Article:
BART officials keep highlighting that their job is to provide safe passage for its passengers. That's true. But they are also part of a government agency with a police force. That power comes with the duty to use law enforcement authority responsibly, and with restraint.
Unfortunately, BART doesn't seem to recognize that. Police have fatally shot two men on station platforms in the past 2 ½ years.
BART GETS IT WRONG ARTICLE HERE!
What does the police killing of a homeless man in San Francisco have to do with the Arab Spring uprisings from Tunisia to Syria? The attempt to suppress the protests that followed.
In our digitally networked world, the ability to communicate is increasingly viewed as a basic right. Open communication fuels revolutions – it can take down dictators. When governments fear the power of their people, they repress, intimidate and try to silence them, whether in Tahrir Square or downtown San Francisco.
Charles Blair Hill was shot and killed on the Bay Area Rapid Transit system’s Civic Center platform on July 3, by BART police Officer James Crowell. BART police reportedly responded to calls about a man drinking on the underground subway platform. According to police, Hill threw a vodka bottle at the two officers and then threatened them with a knife, at which point Crowell shot him. Hill was pronounced dead at the hospital.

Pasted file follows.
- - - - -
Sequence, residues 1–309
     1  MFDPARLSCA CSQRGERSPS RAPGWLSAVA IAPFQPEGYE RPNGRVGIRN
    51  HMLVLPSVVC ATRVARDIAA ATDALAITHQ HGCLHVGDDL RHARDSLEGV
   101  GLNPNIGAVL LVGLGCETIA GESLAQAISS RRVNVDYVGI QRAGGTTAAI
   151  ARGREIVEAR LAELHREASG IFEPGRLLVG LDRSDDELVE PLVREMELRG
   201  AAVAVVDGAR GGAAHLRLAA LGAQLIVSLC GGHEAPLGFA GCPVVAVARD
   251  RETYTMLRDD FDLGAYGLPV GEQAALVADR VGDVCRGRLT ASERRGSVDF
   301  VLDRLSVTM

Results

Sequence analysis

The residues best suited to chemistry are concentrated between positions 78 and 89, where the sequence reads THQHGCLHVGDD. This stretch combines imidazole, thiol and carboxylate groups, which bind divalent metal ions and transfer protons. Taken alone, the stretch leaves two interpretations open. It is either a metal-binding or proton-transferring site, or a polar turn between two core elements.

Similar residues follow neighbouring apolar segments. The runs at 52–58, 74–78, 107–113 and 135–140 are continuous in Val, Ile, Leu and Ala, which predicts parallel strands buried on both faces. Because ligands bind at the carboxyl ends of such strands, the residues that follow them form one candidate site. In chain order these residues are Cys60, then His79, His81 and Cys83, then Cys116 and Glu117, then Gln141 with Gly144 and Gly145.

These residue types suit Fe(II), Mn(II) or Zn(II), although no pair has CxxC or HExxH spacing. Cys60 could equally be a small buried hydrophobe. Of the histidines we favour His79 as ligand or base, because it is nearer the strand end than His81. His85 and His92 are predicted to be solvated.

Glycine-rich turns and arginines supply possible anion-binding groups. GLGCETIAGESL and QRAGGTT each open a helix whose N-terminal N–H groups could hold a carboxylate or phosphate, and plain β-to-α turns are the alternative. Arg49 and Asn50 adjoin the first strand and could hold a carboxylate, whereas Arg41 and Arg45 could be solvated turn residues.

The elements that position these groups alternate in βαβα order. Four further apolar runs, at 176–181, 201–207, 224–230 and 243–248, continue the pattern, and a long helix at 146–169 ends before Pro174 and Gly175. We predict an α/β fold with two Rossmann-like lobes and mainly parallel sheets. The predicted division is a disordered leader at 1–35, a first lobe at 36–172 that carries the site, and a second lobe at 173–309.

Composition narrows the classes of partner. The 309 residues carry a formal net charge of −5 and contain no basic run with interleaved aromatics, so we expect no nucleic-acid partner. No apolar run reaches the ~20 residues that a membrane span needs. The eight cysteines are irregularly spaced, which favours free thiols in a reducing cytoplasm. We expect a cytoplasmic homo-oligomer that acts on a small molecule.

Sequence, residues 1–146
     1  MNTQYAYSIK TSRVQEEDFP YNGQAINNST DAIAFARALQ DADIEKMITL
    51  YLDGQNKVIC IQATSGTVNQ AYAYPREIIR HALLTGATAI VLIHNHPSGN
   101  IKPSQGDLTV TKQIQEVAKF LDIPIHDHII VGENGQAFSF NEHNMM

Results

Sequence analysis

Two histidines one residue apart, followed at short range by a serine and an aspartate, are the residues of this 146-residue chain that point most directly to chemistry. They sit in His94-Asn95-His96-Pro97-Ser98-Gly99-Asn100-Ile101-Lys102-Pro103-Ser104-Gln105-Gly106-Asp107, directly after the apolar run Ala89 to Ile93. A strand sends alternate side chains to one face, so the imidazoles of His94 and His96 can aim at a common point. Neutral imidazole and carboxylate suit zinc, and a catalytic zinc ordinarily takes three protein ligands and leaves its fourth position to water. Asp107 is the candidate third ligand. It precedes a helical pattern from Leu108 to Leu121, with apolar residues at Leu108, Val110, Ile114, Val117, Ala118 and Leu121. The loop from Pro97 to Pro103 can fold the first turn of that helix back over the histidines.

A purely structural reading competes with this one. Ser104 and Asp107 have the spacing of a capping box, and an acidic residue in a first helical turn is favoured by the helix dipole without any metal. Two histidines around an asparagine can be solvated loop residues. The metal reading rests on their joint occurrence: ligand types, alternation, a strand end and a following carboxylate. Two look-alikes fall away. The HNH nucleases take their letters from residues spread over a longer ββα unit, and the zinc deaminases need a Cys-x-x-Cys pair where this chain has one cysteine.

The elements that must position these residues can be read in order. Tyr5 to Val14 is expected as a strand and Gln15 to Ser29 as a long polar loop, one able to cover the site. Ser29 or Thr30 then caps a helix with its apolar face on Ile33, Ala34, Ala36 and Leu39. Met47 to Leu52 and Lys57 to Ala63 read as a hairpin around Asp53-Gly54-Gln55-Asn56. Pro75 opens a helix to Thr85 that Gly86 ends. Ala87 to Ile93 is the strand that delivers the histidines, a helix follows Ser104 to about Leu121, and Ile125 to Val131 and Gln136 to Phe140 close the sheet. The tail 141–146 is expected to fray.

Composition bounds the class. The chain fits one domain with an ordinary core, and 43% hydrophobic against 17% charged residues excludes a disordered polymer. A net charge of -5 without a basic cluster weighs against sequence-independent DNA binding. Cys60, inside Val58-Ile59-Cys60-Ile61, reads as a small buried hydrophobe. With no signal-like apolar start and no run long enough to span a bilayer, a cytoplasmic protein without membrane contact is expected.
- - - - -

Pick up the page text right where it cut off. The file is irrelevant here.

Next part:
AMY GOODMAN ARTICLE HERE!
Rep. Jackie Speier (D-Calif.) suggested the Bay Area Rapid Transit (BART) agency may have gone "too far" when it shut down cell service to control a protest last week.
"BART is learning a lesson that requires closer examination," said Speier, who represents part of San Francisco and San Mateo County. "I believe BART needs to work harder to understand the ever-changing relationship between security and liberty. And to this end, we should replace finger-pointing with constructive dialogue that addresses security measures that go too far.
On Monday, a spokesman for the Federal Communications Commission confirmed that the agency was looking into BART's actions.
The FCC may have jurisdiction over the issue under the Communications Act of 1934. Section 333 of the Act states, "No person shall willfully or maliciously interfere with or cause interference to any radio communications of any station licensed or authorized by or under this chapter."
FULL STORY HERE!
BART cell shutdown unconstitutional? Not so fast – California Beat